The immature onions are suitable for eating uncooked or cooked. You can slice or pickle them into salads. Onion blades can be used the same way as chives, while the bulbs on parent plants are best saved for more tiny bulbs.

Parent bulbs have a strong, pungent flavor and are suitable for chopping, slicing, or mincing before with roasted meat, brown rice, or vegetables.

17. Maui Onions

The Maui onion is a midsized vegetable from the Allium lineage and features an elongated, rounded, and somewhat stout shape. Its outer cover is yellow-brownish, and the flesh white, crisp, firm, and juicy. They contain very little sulfur and have a milder flavor.

They are great for use in sandwiches and sauces. These onions are great for steaming, sauteing, frying, broiling, baking, and grilling for purposes. In addition, fresh onions are great for layering on salads, chopping in salads, sprinkling with salt, eating raw as a snack, or mixing with poke with spices, seaweed, and fresh fish.

Their mild flavor makes them great for use with parsley, mint, dill, cilantro, tomatoes, oranges, red pepper, lettuce, radishes, cloves, vanilla, toasted coconut, and pineapple. Storing them in a cool, dry place can preserve the onions for one to two months.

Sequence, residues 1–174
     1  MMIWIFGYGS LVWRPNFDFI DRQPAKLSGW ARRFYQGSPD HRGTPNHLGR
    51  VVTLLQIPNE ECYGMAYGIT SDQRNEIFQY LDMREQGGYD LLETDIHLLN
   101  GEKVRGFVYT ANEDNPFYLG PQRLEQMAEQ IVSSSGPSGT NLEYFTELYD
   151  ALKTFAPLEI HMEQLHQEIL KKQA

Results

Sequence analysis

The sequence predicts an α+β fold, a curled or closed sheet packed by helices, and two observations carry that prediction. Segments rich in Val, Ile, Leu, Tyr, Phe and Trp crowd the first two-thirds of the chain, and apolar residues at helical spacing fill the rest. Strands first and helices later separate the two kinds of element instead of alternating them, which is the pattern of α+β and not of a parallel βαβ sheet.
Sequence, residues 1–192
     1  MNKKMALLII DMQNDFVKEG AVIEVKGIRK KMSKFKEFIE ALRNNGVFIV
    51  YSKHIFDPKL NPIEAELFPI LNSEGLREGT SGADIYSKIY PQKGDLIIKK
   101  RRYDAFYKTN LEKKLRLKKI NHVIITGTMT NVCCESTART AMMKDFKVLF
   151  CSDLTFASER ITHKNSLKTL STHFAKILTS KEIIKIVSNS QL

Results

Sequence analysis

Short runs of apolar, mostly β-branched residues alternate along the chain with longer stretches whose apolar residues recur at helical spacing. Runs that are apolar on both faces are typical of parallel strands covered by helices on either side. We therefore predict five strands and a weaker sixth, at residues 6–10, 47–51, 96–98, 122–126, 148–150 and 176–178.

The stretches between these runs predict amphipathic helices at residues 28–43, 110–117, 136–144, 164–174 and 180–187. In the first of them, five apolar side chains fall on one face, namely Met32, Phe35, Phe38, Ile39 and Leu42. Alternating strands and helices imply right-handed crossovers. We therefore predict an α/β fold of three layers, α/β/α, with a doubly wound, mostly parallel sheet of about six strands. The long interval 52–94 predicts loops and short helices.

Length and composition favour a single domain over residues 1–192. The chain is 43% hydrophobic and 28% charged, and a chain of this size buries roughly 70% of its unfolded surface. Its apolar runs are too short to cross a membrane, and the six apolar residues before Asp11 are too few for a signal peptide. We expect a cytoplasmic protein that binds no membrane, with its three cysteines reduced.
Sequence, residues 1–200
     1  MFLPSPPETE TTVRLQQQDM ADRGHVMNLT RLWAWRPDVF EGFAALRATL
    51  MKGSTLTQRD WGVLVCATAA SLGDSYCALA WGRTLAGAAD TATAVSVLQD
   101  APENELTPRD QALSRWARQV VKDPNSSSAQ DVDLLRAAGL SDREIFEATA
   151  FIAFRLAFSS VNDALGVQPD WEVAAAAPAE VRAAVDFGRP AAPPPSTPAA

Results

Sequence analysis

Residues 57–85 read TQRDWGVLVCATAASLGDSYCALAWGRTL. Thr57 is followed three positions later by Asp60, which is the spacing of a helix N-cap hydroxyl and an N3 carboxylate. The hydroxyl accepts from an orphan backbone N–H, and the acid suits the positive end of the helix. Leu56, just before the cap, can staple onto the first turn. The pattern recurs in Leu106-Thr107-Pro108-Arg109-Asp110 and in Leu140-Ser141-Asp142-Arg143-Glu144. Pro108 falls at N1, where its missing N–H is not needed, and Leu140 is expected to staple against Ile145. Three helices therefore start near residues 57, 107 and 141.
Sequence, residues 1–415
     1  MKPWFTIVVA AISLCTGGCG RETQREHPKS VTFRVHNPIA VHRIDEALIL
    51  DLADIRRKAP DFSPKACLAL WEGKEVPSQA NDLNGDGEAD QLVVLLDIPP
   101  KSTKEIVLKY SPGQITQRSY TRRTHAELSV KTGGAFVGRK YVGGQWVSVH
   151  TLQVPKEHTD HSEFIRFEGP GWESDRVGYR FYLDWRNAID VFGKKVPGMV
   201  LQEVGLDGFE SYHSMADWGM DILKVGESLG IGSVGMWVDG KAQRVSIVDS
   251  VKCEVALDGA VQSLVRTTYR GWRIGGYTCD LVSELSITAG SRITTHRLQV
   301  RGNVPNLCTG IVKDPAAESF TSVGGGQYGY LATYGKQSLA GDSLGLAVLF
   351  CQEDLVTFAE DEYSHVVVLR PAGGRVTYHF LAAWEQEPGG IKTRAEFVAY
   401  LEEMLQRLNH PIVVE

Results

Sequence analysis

18. Texas Supa-Sweet Onions

The Supa-sweet is an onion type from Texas and has a mild, fresh flavor, making it great to eat uncooked. They are great for use in salads, sandwiches, and some types of salsa. But that doesn’t mean that you cannot it by sauteing, boiling, or baking.

It isn’t a distinct onion variety but the same as the Bermuda onion, first introduced in Texas in 1898. With time, Texas became a dominant producer of the Bermuda onion, thus christening the vegetable after the state.

19. Walla Walla Onions